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International Investment in American Real Estate Slows

With the property market in turmoil, especially in the United States, real estate agents around the country are ratcheting up their efforts to woo the Russian oligarchs, Korean industrialists and other international buyers who have been making headlines with splashy top-dollar purchases.

Buyer: London businessman
Where: New York City
Property: A 5,450-square-foot Victorian townhouse close to Central Park. Special features include a large garden, two living rooms and a terrace on the fourth floor.
Price: $7.95 million; buyer paid asking price.
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Atlanta Fine Homes Sotheby’s International Realty

Buyer: Italian couple
Where: Atlanta
Property: A two-bedroom, 2,113-square-foot apartment in the Sovereign, a new 50-story high-rise in the upscale Buckhead neighborhood. The building features a broad terrace and a pool.
Price: $1.242 million
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Steve Mitchell/Associated Press

Buyer: Russian fertilizer tycoon
Where: Palm Beach, Florida
Property: Donald Trump’s lavish 6-acre waterfront estate. The 60,000 square-foot mansion includes gold fixtures, a 50-car garage and a 475-foot beachfront.
Price: $95 million

“They are the most aggressive buyers in the market right now,” said Kevin McBride, an agent with Atlanta Fine Homes Sotheby’s International in Atlanta. In international hubs like Atlanta, overseas clients now account for anywhere from 10 to 30 percent of sales, industry experts say.

Even Immobel, a company based in Warsaw that specializes in translating online real estate listings into 13 languages, has seen the number of U.S. agents using its services jump by 30 percent in the last year, according to Janet Choynowski, the company’s chief executive. Agents are “really eager to reach out to buyers proactively by any means they can,” Ms. Choynowski said.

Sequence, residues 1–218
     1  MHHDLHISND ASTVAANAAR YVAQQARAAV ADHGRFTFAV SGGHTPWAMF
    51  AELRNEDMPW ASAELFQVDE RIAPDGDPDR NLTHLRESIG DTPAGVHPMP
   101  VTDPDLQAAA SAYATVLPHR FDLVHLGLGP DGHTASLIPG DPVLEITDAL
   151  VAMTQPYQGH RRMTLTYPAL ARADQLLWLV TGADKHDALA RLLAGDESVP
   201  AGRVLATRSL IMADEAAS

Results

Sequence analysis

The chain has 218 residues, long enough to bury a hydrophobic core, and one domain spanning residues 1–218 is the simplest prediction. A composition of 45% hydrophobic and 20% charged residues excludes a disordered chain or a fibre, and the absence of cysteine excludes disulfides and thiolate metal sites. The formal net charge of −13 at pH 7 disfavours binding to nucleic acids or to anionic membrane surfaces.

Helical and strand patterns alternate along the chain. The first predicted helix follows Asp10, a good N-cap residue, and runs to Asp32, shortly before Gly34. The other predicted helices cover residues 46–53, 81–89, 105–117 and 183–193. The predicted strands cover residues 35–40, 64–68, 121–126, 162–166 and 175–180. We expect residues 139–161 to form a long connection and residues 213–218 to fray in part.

But even before the financial meltdown of the last few weeks, there was growing concern that the much-publicized flow of international buyers into the United States was slowing.

Earlier this year a study by the National Association of Realtors found the number of agents who sold a home to an international buyer actually decreased in the last year, from 18 percent to 13.3 percent.

And the dollar has strengthened in the last six months, diminishing the so-called “currency exchange discount” that helped make U.S. property a bargain for many foreign buyers. The euro was worth $1.60 in July; it has been about $1.29 recently. The British pound has dropped from $2.10 in November 2007 to around $1.59.

“The dollar has gotten stronger and that makes the investment appeal that much weaker,” said Melissa Cohn, president of Manhattan Mortgage Company.

Ms. Cohn says the number of international buyers in New York City has dropped by 50 percent in the last six months. And with credit tight, the list of mortgage companies in the city willing to finance a purchase by a foreign resident has dropped from 10 to 4, she says.

That is not good news in Manhattan, where international buyers typically buy a third or more of the apartments in new buildings, according to local experts.

But international buyers continue to play an important role in the local market. For the W NY Downtown, a 56-story project under development in Manhattan, 74 percent of the initial sales have been to foreign buyers, primarily from South Korea, the United Arab Emirates and Italy, a project spokesman said.